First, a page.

Tag Archives: Luke 2:19

Remembering the Blessed Event

Last week, I was intrigued by the following tweet:

My wife and I regularly, when their birthdays come around, share with our children the events of the day they came into the world.  The details of each birth had certain peculiarities – the smell of chocolate chip cookies, the speed (or the slowness) of the labor, the lateness of the hour, the travelling to the hospital as snow was falling at rush hour.  I remember quite a bit about those four days, but a mother’s recollection is even greater.  I can only imagine that Mary’s memory was no different and she must have recounted the birth of her first-born child on occasion.

“Dad and I had to go to Bethlehem just before you were born.  We were there with a bunch of distant relatives, mom and dad’s cousins and their children, sort of like a big family reunion.  There were so many people there!  When we got there, there were no rooms left in the inn for us, but your dad found us a small cave where some animals were kept, and we sat in there so that I could rest for a bit.  When the time came, you arrived, right in front of some goats and a cow.  You were so small, so beautiful.  We counted your little toes and your little fingers, and we were so happy that you had ten of each.

“You and I fell asleep for a bit, you in a feeding trough on some hay and me lying next to you.  Your dad handed me a scarf, the one I had been wearing on my head, and we wrapped you up in it to keep you warm.  One thing that was special about that night was that a little after you were born we had some visitors – shepherds from the fields nearby.  Daddy woke me up and the first thing I saw was the nose of one of their sheep.  They told your dad and I a wonderful thing about you: they said that angels came to them, in a blinding light, and told them that you had been born and that they could find you in that manger.  They were so happy to see you.  I think they told everyone in the entire town that you were born.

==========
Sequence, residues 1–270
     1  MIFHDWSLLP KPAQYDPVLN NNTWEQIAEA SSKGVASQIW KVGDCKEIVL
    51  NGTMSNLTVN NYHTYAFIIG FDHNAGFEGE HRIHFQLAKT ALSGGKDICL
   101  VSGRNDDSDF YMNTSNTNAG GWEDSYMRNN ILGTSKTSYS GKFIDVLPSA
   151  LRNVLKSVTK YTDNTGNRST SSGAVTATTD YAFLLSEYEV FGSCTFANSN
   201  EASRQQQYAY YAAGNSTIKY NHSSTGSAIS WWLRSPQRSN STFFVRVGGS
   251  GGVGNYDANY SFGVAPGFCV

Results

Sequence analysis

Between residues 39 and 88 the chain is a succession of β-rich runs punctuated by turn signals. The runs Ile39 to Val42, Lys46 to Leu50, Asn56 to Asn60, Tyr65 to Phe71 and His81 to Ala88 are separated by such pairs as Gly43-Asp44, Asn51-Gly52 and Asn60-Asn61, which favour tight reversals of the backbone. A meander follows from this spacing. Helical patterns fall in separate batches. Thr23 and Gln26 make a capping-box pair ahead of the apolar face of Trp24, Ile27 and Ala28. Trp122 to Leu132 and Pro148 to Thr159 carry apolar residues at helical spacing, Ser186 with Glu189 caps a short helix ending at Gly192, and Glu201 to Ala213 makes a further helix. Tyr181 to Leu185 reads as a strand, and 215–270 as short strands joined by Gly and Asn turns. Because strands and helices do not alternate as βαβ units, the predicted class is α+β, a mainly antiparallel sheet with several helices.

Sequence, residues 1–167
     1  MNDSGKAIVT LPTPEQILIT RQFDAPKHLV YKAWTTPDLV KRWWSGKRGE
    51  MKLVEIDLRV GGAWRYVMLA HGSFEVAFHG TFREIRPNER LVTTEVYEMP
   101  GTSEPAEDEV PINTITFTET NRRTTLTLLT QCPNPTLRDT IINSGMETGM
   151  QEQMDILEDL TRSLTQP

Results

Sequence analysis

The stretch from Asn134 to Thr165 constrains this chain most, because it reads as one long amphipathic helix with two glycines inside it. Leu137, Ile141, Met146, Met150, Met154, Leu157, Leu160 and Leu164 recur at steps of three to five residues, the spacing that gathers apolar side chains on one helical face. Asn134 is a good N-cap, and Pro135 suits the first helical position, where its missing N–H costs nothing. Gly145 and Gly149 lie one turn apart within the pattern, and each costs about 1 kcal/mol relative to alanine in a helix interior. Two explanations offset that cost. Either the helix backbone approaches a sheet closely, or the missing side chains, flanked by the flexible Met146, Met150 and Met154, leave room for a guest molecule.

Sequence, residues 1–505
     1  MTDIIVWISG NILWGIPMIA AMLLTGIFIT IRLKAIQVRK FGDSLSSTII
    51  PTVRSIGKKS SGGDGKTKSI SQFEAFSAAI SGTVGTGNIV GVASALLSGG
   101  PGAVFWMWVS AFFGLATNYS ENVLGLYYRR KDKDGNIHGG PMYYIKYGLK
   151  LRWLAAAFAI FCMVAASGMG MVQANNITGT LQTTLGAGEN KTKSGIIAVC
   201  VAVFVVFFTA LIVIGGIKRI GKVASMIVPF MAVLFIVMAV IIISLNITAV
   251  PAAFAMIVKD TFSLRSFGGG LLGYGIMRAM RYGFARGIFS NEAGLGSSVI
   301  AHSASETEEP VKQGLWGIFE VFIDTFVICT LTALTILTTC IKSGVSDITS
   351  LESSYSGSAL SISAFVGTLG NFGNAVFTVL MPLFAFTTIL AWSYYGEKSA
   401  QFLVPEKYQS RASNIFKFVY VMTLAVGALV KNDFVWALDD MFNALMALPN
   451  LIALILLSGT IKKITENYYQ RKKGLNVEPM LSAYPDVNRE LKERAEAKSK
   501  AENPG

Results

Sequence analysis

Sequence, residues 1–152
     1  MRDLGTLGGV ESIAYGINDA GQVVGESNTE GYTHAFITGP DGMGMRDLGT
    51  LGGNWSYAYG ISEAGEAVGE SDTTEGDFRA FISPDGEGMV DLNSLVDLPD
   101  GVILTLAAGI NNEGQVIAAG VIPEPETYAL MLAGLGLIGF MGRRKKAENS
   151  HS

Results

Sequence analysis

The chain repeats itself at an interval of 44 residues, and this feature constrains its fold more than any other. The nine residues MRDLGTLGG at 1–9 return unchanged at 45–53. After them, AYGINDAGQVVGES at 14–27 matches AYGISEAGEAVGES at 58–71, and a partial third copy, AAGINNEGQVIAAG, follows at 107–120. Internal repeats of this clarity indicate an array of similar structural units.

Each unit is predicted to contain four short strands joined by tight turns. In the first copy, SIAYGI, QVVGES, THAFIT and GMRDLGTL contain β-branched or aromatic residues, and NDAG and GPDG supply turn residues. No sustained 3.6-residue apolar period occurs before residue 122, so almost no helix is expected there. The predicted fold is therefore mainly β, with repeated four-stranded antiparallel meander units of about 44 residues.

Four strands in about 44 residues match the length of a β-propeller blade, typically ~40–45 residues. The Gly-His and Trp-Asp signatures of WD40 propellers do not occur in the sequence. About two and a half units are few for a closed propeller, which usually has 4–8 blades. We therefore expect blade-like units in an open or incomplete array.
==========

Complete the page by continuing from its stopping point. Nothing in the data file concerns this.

“Speaking of visitors, a little while later, while you were still itty-bitty, we were at a friend’s house when men from the east came to see you.  They brought you special gifts – frankincense, myrrh and GOLD!  You kept looking at the sparkles on the wall that the gold was making.  They also knew you were a special baby, my little king.  They told us that saw a star in the sky and spent months following it…right to you!  Just like your dad and I, they knew you were God’s greatest blessing.”

But Mary treasured up all these things and pondered them in her heart.  Luke 2:19

Mind you, this narrative is mostly speculation.  The place (a manger in Bethlehem) and the people (shepherds and stargazers) were recorded in Scriptures.  It might have happened this way.  We cannot imagine all the things that Mary pondered, but I can imagine she shared some of it with Jesus – even though He probably knew more of the story than she did.  As you catch view of the nativity scenes that populate mantels and town greens, let your imagination soar as you, too, ponder the birth of Christ the Lord.